NIHR SPHR’s Breakthrough Mentoring scheme has completed a feasibility study which indicates it would be possible to undertake a large scale Randomised Control Trial (RCT) to test the effectiveness of youth mentoring in the UK. The research team is led by Professor Rona Campbell (the University of Bristol).
Young people can experience social and behavioural problems that result in engagement in risky behaviours such as drug taking, poor school attendance or exclusion from school. This can affect later life chances with high costs to the individual and society. Providing a vulnerable young person with an adult mentor is thought to help them develop life skills, confidence and good health and prevent negative outcomes such as unemployment, entry into the criminal justice system, mental illness or premature death.
Breakthrough Mentoring carefully matches a young person with an adult mentor who has similar interests. Twenty-one secondary school students, aged 11 to 16 years, whom the school thought would benefit from mentoring, participated in a pilot RCT. Its purpose was to determine if it would be possible to undertake a large scale scientific evaluation of the effectiveness of mentoring in improving behaviour, health and wellbeing.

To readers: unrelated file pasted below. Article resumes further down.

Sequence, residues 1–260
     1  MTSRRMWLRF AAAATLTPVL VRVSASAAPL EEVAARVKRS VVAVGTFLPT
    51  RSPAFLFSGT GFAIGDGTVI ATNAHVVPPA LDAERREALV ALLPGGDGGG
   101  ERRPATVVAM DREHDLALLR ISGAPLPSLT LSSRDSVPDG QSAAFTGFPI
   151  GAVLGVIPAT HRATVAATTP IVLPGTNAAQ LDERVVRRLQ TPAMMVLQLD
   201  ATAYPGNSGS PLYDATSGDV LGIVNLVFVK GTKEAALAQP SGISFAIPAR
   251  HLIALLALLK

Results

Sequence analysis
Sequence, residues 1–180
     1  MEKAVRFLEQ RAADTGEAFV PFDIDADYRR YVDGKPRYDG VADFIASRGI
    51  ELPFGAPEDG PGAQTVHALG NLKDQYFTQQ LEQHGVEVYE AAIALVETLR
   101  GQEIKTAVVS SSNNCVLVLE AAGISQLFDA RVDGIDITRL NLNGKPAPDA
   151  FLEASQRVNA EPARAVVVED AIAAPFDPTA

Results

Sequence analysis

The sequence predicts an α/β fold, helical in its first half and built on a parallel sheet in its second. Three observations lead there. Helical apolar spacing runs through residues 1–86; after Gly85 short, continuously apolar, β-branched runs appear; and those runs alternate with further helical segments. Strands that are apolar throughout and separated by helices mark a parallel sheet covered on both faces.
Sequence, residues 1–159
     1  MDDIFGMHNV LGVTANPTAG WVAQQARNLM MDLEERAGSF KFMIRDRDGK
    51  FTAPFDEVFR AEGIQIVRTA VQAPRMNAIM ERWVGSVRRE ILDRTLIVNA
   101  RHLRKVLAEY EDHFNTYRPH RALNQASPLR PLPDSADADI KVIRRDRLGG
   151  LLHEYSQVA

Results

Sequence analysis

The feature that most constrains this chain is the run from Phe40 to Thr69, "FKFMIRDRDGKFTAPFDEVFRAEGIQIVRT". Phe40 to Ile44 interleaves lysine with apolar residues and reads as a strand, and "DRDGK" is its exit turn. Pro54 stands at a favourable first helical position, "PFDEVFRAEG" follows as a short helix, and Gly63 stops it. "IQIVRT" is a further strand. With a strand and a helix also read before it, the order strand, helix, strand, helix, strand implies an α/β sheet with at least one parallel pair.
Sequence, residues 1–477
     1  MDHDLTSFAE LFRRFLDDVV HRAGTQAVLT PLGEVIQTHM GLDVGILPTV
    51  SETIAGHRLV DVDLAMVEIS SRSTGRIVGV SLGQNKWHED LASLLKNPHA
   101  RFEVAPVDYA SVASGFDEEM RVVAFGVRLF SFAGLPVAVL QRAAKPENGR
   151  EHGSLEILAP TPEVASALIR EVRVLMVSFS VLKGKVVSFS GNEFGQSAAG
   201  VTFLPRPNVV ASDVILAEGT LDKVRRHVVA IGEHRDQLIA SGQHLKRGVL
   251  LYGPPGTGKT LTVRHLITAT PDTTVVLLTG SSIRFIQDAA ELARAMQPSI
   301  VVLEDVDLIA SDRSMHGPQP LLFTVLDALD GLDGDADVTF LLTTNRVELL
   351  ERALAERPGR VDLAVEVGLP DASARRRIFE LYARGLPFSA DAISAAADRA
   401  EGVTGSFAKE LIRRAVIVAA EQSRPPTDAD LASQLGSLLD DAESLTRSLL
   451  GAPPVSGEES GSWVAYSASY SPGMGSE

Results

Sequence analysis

The RCT format was acceptable to students, parents, schools because they understood the randomisation process and purpose of the research. High levels of response were achieved throughout. Students who received Breakthrough Mentoring indicated that having a mentor unconnected with the school that they could talk to about their problems helped them to give voice to and deal with difficult feelings.
The success of this feasibility study indicates it would be possible to undertake a large scale RCT to test the effectiveness of young mentoring in the UK but that it would need to be larger than originally envisaged and therefore multi-centred. Schools are only likely to be prepared to participate in such an experiment if at least some of the costs of mentoring are met from elsewhere.
TagsChanging behaviour at population levelChildren young people & familiesPublic Mental Health